The list of corporations working on A.I. solutions are growing and it is not just Google that is working on A.I. solutions to real world problems. Facebook (whose A.I. is spending its time mining your so-called personal data to create a better bot), Microsoft , IBM (Watson is learning how to be more human) and NVIDIA are all developing A.I. software to solve complex human problems and move us into a more automated future. On top of that the big universities around the world are gearing up to more research in the subject right now.

In this article titled "Google DeepMind Researchers Developing A.I. Kill Switch, Just In Case" The white paper, titled “Safely Interruptible Agents” was authored by Laurent Orseau of Google Deep Mind and Stuart Armstrong of The Future of Humanity Institute at University of Oxford Machine Intelligence Research Institute.


There is a lot of high math that is impossible for me to understand, but the paper does have some regular words that you don’t need A.I. or a PhD to comprehend — they want humans to be able to shut down A.I. without the A.I. being self aware of the human’s ability to do so. That much is made clear in the conclusion.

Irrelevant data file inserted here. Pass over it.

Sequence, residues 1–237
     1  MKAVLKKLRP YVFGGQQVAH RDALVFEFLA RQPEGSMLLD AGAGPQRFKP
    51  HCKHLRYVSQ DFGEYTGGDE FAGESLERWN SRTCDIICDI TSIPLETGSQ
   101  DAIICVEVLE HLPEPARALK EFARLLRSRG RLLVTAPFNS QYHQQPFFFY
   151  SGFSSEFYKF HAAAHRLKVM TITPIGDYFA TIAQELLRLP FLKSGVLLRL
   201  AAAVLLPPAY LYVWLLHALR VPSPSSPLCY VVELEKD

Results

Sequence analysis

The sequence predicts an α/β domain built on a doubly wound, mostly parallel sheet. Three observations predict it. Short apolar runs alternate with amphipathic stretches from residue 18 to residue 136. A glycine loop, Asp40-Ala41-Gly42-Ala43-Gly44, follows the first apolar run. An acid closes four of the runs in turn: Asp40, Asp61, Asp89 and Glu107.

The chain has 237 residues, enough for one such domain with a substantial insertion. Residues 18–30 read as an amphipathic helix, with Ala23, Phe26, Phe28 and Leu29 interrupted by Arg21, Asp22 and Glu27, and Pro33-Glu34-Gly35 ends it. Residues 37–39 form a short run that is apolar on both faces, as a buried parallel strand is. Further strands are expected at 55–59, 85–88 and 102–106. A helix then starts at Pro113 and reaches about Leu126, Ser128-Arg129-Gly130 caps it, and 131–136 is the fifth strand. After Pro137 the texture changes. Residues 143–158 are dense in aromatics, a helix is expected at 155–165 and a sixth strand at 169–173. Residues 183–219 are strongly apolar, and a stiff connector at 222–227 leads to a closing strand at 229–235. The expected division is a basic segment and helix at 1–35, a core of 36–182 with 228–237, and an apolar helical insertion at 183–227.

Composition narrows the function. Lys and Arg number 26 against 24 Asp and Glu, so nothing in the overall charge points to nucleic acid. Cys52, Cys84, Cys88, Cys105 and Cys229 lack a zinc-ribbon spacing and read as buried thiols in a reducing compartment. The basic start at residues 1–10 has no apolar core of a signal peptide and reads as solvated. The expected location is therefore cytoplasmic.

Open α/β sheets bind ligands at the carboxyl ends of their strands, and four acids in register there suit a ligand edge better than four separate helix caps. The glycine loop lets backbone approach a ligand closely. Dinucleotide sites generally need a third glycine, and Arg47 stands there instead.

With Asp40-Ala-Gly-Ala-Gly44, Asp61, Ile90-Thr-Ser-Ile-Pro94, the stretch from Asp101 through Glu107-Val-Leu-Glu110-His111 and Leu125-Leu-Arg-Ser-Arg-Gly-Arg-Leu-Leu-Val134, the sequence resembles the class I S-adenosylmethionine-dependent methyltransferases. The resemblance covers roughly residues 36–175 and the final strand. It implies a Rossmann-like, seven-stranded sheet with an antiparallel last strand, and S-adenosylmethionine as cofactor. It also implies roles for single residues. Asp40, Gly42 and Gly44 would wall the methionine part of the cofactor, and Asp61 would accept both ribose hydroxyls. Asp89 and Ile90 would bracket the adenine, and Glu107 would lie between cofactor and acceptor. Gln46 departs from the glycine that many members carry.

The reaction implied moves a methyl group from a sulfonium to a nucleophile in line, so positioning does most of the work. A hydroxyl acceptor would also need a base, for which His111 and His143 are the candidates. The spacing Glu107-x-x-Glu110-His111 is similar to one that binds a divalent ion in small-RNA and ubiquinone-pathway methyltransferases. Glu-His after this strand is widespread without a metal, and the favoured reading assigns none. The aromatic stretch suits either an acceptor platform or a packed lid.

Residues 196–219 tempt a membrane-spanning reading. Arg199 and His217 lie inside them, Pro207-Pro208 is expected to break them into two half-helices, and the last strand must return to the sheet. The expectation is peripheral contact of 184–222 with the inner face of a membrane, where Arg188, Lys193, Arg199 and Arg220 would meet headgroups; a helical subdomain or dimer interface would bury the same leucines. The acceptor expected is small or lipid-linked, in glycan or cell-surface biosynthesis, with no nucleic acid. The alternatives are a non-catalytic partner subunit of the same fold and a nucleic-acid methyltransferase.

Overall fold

We have proposed a framework to allow a human operator to repeatedly safely interrupt a reinforcement learning agent while making sure the agent will not learn to prevent or induce these interruptions.



Safe incorruptibility can be useful to take control of a robot that is misbehaving and may lead to irreversible consequences or to take it out of a delicate situation, or even to temporarily use it to achieve a task it did not learn to perform or would not normally receive rewards for this.


Their abstract states that it might be necessary for humans to press the “big red button”, and whilst it is rather reassuring for all of us to hear this, However, the paper also supposes that A.I. may not want to be shut down and theoretically can learn away to avoid being shut down!

If at some point in the future, the A.I. learn to avoid situations that would require a temporary shutdown then - I don't know and IMHO no one knows for sure what the end result is. It is really theorised in many SciFi books and Hollywood blockbusters and we have already seen the story told in many ways. I stop here and just sincerely hope it does not come to that.